One or two blows from unpleasant forest fires, followed by heavy rains causing floods and landslides, will hit the Western United States much more often in a warming world, becoming a common occurrence, a new study says.
This combination of fire and floods, with extreme floods hitting a site that burned within a year, could increase up to eight times in the Northwest Pacific, double in California and jump about 50% in Colorado by 2100 in the worst case scenario Climate change scenario to increase greenhouse gas emissions, according to a study in Friday’s Science Advances.
The study says that as man-made climate change intensifies, 90% of extreme fires will be followed by at least three extraordinary rains in the same place within five years.
The authors of the study said that this is because although the West is generally drier – which prolongs the season of forest fires – concentrated bursts of heavy rain are increasing and coming earlier, so areas may be affected by both extremes.
“One disaster is bad. Two disasters in a row are even worse because you’re already rocking the first one, “said study co-author Samantha Stevenson, a climatologist at the University of California, Santa Barbara. “But in this particular case of forest fires plus extreme rains, forest fires have worse consequences because you lose your vegetation, change soil properties and make this landscape more conducive to destructive flooding.”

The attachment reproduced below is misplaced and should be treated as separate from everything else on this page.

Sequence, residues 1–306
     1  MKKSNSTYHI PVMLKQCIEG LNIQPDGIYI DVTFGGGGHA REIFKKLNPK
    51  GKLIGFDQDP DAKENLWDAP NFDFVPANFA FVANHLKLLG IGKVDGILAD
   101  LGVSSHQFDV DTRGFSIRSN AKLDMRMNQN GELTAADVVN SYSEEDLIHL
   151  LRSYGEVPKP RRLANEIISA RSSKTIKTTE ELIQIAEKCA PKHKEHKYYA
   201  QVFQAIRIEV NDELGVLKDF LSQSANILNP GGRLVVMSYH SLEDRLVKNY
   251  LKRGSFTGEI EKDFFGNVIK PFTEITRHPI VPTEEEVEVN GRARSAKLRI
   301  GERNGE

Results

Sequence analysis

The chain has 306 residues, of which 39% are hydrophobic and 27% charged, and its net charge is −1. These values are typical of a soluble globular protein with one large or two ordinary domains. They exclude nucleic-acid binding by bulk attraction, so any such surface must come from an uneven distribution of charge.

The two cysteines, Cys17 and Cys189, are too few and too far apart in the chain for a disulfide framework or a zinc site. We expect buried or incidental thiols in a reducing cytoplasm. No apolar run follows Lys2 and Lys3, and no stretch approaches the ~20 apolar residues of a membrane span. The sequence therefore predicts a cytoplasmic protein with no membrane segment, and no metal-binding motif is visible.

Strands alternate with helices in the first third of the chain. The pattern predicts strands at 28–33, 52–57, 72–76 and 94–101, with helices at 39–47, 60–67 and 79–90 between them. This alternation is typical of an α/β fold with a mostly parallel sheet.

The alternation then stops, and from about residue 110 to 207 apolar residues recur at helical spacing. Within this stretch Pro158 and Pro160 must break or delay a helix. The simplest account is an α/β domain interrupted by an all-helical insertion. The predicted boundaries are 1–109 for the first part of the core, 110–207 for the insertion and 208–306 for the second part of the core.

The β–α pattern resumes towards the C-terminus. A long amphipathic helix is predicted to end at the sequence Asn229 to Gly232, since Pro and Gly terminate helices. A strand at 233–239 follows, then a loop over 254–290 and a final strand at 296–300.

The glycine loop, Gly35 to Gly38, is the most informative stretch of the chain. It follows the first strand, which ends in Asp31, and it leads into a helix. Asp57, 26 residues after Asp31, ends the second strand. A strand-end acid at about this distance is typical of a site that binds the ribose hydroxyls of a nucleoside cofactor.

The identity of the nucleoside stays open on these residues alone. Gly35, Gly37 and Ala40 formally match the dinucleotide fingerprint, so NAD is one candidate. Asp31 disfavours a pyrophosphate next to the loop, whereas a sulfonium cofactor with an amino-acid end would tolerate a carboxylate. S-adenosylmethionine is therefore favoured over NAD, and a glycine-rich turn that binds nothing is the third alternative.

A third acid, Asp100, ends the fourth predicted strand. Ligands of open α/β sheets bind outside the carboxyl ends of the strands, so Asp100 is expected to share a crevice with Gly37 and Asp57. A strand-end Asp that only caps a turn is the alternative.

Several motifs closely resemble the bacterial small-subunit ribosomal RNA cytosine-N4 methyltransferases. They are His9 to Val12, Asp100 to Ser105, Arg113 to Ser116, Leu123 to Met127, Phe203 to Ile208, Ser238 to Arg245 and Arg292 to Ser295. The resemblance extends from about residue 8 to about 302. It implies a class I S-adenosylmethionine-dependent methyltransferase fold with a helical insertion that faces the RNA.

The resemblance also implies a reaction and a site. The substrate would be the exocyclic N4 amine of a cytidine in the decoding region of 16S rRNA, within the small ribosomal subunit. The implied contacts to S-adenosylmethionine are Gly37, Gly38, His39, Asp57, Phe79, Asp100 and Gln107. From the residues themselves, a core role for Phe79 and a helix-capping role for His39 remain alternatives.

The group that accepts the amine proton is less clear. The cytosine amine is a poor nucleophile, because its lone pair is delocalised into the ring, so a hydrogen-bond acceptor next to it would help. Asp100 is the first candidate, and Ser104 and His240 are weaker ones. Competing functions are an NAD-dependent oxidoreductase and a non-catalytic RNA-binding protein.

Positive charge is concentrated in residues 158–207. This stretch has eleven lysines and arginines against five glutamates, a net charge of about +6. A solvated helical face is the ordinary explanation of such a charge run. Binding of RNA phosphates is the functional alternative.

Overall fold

Stevenson knows because Thomas’ fire, which began in late 2017 and was followed a month later by half an inch (13 millimeters) of rain in just five minutes, caused muddy landslides in Montecito that killed 23 people.
“Oh, yes, it was crazy,” Stevenson said. “It was as if the whole highway was blocked like a mud wall. There were stones in people’s living rooms. “
For study co-author Daniel Swain, a Western time expert at UCLA who lives in Colorado, this struck even closer to home. Last week, he had to evacuate his home in Boulder because of a fire. Today is the beginning of the season of flash floods.
Especially in the Northwest Pacific, the seasons of fires and floods continue to grow longer and closer together. While both are likely to worsen, extreme rainfall needs to increase more, Swain said.
“It’s another kind of double blow, a situation where the candle burns at both ends,” Swain said. “It is quite predictable that some of these places will literally still be on fire when the first extreme rains put them out.
The report examines 11 western US states, focusing on four of them, where the projected increase in fires followed by torrential rains is most noticeable.
The study’s authors acknowledge that the worst-case warming scenario they’ve studied using dozens of large-scale climate model simulations is becoming less likely as many, but not all, countries, including the United States and Europe, reduce emissions. heat capture gases.
They said they were not able to use simulations of more likely scenarios with some moderate emission reductions at the time. But in more likely scenarios, the Pacific Northwest is likely to see a fourfold increase in fires and floods, said lead author Daniel Tuma, a climatologist at the National Center for Atmospheric Research.
The simulations were at the time of the fire, not the fires and rain conditions themselves. Leroy Westerling, a climatologist at the University of California, Merced, who was not part of the study, said he was concerned about the accuracy of global simulations of computer models that could run on such a small scale. However, he said, the results make sense.
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West to get one or two more extreme weather strikes
Source link West to get one or two more extreme weather strikes